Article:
382

The following code gives the error UnboundLocalError: local variable 'Var1' referenced before assignment:

Var1 = 1
Var2 = 0
def function(): 
    if Var2 == 0 and Var1 > 0:
        print("Result 1")
    elif Var2 == 1 and Var1 > 0:
        print("Result 2")
    elif Var1 < 1:
        print("Result 3")
    Var1 -= 1
function()

How can I fix this?

9
  • 2
    Notice that it will work if you use dic = {'Var1':1, 'Var2':0} and access Var1 and Var2 through the dictionary. Aug 10, 2017 at 5:07
  • 11
    Beside the point, but Var1 =- 1 is parsed as Var1 = -1, not Var1 -= 1
    – wjandrea
    Mar 31, 2020 at 17:54
  • How comes doesn't give error UnboundLocalError: local variable 'Var2' referenced before assignment? Even when you change if Var2 == 0 and Var1 > 0: to if Var2 == 0:
    – chikitin
    Sep 11, 2020 at 17:34
  • 3
    @chikitin It doesn't give error for Var2 because in your function you have no where assigned any value to Var2, because of which it considers the global value of Var2 by default. But since, you have mentioned Var1=- 1 which python interprets as Var1 = -1, it considers that Var1 is assigned a local value and hence Var1 becomes a local & a global variable, which python considers separate. Since this assignment of Var1 comes after using Var1 in the same function, we get this reference before assignment error. Hope this gives some clarity Dec 14, 2020 at 16:13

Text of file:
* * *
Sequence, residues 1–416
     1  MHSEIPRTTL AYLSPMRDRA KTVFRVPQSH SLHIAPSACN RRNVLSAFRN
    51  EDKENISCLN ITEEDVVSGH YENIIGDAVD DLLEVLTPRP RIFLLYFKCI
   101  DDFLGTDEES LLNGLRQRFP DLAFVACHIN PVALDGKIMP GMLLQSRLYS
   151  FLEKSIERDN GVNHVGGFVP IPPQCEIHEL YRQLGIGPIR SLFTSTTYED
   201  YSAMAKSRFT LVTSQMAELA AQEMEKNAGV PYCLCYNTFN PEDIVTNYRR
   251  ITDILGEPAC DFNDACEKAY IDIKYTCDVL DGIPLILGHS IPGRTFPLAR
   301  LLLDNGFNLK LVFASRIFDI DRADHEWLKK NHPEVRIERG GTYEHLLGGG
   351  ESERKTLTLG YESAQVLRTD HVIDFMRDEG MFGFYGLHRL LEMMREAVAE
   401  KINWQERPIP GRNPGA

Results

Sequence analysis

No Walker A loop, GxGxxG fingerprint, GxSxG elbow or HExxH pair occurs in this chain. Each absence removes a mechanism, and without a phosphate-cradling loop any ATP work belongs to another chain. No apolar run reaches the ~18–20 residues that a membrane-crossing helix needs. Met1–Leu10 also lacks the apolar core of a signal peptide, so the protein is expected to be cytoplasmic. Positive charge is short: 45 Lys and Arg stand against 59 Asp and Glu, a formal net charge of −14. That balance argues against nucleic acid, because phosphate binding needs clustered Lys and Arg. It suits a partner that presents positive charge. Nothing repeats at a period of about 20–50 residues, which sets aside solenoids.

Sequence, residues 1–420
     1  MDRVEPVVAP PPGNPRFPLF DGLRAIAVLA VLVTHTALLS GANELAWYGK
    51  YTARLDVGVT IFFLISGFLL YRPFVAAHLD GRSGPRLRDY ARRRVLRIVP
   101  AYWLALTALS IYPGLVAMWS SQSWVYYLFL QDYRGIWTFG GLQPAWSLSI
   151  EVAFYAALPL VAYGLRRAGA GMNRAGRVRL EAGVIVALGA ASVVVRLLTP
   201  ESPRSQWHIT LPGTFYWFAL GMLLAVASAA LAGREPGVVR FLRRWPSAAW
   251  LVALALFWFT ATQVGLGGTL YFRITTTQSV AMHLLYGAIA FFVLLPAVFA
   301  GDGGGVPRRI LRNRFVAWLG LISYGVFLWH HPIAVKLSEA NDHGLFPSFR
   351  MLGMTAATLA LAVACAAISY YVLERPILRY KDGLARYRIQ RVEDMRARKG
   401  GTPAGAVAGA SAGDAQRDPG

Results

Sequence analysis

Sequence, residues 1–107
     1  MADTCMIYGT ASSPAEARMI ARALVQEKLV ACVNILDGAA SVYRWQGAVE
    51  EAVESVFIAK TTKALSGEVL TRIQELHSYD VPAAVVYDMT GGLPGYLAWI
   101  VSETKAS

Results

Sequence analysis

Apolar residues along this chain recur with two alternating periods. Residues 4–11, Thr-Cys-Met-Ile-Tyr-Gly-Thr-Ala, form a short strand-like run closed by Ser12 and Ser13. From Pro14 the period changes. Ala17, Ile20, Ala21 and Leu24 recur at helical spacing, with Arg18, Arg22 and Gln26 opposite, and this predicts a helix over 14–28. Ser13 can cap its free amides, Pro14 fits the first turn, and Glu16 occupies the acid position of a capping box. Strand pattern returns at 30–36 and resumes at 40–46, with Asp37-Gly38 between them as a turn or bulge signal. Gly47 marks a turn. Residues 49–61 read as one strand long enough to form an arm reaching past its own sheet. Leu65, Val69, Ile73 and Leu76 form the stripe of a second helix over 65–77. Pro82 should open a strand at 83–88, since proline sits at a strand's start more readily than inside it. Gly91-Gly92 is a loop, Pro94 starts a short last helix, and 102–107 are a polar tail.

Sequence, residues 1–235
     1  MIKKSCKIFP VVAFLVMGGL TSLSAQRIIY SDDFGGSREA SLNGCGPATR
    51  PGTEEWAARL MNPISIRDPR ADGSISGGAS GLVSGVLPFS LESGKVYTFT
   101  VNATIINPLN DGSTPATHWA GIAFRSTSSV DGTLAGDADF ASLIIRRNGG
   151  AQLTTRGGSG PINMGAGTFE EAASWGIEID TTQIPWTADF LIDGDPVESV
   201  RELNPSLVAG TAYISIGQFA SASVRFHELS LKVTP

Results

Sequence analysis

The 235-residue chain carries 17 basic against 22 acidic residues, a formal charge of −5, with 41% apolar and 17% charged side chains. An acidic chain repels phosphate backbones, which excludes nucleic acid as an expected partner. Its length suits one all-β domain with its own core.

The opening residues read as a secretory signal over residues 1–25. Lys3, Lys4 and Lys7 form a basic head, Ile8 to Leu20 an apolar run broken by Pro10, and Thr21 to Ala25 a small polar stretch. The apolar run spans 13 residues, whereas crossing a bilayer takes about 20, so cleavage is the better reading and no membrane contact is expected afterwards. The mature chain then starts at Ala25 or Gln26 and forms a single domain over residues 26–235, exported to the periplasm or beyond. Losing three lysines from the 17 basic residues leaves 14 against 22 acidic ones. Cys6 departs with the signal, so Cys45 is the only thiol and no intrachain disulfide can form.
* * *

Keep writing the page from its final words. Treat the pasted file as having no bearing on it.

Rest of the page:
• @chikitin Just in case, if you want to pop error for Var2 as well just to check and clarify your doubt, just assign some value to Var2 as well below Var1=-1 statement and then you'll get error for Var2 as well. Dec 14, 2020 at 16:16

5 Answers 5

739

This is because, even though Var1 exists, you're also using an assignment statement on the name Var1 inside of the function (Var1 -= 1 at the bottom line). Naturally, this creates a variable inside the function's scope called Var1 (truthfully, a -= or += will only update (reassign) an existing variable, but for reasons unknown (likely consistency in this context), Python treats it as an assignment). The Python interpreter sees this at module load time and decides (correctly so) that the global scope's Var1 should not be used inside the local scope, which leads to a problem when you try to reference the variable before it is locally assigned.

Using global variables, outside of necessity, is usually frowned upon by Python developers, because it leads to confusing and problematic code. However, if you'd like to use them to accomplish what your code is implying, you can simply add, inside the top of your function:

global Var1, Var2

This will tell Python that you do not intend to define a Var1 or Var2 variable inside the function's local scope. The Python interpreter sees this at module load time and decides (correctly so) to look up any references to the aforementioned variables in the global scope.

Some Resources

  • the Python website has a great explanation for this common issue.
  • Python 3 offers a related nonlocal statement - check that out as well.
6
  • 11
    @user7344209 Indeed. Answers should ideally explain what's happening in the actual example shown, and how to fix that, rather than suggesting a whole different approach. Sep 19, 2018 at 20:58
  • 7
    "Naturally", it does not seem natural to me.
    – dumbledad
    Jan 3, 2020 at 10:04